Getting Serious About Software Architecture and Design

As I mentioned in the last post, I am making good progress toward learning object-oriented development methods.   During the holiday break, I created a small web project to test my understanding so far.   The results were encouraging, convincing me to promote my programming activities from a hobby to a real business pursuit.    Likewise, mastering the principles of software architecture and design has become a business priority.    Now that software development has become serious business (pun intended–if it works), I am creating a formal study plan to bring my skills up to speed as quickly as possible.

Steve Jobs, by repeatedly introducing products into mature markets that became run-away hits (or with the iPad, creating a market where none existed), demonstrated that focusing on architecture and design results in high-quality, usable products.   Usability, security, and overall quality are the result of attention to detail at all stages of product development.  He proved that what’s inside counts.

Creating quality software requires a comparable dedication to details.  I am sure we can all agree that there is a need for more usable, secure clinical information systems; the only question is how to create them.   While my short-term goal is creating a marketable product, the ultimate goal of my programming efforts is learning how to build superior software.

I am going to pursue this project on two parallel tracks.     The first track is devoted to developing expertise in object-oriented programming, object-oriented analysis & design, and software architecture.   Fortunately, many programming constructs (variables, algorithms, loops, data structures, etc.) transfer readily between programming paradigms, so much of my old procedural programming knowledge remains useful.  This has allowed me to move relatively quickly beyond introductory books/tutorials to more advanced topics such as design patterns.  (For those who are interested, Head First Design Patterns is a great book– clear, detailed, and easy to understand.)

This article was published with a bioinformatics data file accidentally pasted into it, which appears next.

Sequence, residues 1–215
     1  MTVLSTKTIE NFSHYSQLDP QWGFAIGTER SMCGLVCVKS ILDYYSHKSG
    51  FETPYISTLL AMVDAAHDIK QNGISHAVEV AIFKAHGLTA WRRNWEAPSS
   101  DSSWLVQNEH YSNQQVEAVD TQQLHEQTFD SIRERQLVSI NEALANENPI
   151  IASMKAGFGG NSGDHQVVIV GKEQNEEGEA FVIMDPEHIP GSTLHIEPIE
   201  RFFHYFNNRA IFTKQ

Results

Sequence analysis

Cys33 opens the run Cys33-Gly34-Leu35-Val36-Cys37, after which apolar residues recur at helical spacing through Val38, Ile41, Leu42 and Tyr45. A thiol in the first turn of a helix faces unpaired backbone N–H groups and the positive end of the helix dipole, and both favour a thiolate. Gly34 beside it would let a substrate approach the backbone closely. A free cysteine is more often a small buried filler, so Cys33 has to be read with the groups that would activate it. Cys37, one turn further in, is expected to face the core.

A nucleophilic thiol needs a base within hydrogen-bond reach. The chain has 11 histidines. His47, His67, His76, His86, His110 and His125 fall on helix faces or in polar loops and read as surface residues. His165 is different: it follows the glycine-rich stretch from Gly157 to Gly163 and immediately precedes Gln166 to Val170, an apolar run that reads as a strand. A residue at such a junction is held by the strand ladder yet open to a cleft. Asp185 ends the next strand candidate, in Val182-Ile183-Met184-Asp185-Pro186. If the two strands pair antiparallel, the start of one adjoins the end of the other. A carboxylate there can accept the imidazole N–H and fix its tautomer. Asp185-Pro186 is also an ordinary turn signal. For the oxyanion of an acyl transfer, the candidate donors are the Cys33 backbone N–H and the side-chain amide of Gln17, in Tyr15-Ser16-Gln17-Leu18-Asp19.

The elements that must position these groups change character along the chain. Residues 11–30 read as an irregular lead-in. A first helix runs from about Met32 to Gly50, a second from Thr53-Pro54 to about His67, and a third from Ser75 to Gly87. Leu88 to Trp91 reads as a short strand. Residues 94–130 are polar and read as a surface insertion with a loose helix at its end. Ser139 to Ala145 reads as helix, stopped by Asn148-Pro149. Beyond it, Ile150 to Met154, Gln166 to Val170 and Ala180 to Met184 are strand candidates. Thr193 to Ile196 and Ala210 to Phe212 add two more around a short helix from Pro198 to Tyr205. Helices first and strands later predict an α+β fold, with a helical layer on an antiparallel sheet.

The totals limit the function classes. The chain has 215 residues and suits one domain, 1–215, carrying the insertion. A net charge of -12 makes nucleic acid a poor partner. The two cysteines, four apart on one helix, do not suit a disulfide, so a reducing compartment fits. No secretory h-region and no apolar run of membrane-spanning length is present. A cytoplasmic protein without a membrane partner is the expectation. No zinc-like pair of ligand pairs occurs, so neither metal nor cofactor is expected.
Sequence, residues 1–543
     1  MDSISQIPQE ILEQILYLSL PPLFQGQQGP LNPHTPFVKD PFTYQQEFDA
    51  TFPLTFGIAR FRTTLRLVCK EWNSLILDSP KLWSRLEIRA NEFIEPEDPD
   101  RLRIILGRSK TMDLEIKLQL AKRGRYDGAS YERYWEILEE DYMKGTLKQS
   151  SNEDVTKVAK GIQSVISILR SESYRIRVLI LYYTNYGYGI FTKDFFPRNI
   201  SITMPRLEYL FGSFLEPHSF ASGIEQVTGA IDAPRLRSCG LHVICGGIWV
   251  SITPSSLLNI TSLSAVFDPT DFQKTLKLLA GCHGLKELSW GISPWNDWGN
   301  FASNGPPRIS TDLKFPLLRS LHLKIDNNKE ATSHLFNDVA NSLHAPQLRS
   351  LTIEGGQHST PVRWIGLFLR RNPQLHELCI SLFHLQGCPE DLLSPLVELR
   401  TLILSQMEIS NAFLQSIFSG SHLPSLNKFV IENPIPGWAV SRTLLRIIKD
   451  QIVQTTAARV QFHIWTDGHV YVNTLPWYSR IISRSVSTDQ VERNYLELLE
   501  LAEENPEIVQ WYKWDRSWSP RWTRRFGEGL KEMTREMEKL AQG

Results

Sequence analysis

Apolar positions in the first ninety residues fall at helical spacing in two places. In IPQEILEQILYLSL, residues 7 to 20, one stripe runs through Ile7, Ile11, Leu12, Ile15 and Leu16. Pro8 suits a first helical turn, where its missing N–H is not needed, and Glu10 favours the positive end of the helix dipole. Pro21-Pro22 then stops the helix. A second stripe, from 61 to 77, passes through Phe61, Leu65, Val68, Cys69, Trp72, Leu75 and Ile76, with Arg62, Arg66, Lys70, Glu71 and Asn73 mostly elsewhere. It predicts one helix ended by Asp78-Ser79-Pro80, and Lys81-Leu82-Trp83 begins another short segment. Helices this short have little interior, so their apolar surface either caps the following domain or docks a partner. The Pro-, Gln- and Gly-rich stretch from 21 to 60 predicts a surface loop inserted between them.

Since this is a clinical software product, the second track focuses on clinical standards and security.  Workflow representation is a key design challenge for clinical systems, but it isn’t a major issue for the current product.  I will consult HL7, ASTM, and other standards documents if the need arises. NIST’s HIPAA and usability documents are very detailed and well organized, offering valuable information for clinical software developers.  If they were not free, I would be willing to pay for them.

I wonder if the recent NIST usability report will lead to a greater focus on EHR software architecture/design challenges.  It will be interesting to see if federal usability efforts lead to significantly better products.  After all, knowing that a product has usability issues and creating a better product using that knowledge are two very different things.  Just ask any CEO whose products compete with Apple’s.

In any case, I am committed to mastering software architecture and design.  Who knows, maybe I’ll find my inner Steve Jobs and create something special. Since “insanely great” may take a while, for now, I’ll settle for a “personal best” that sells.   I will keep you posted on what I learn along the way.



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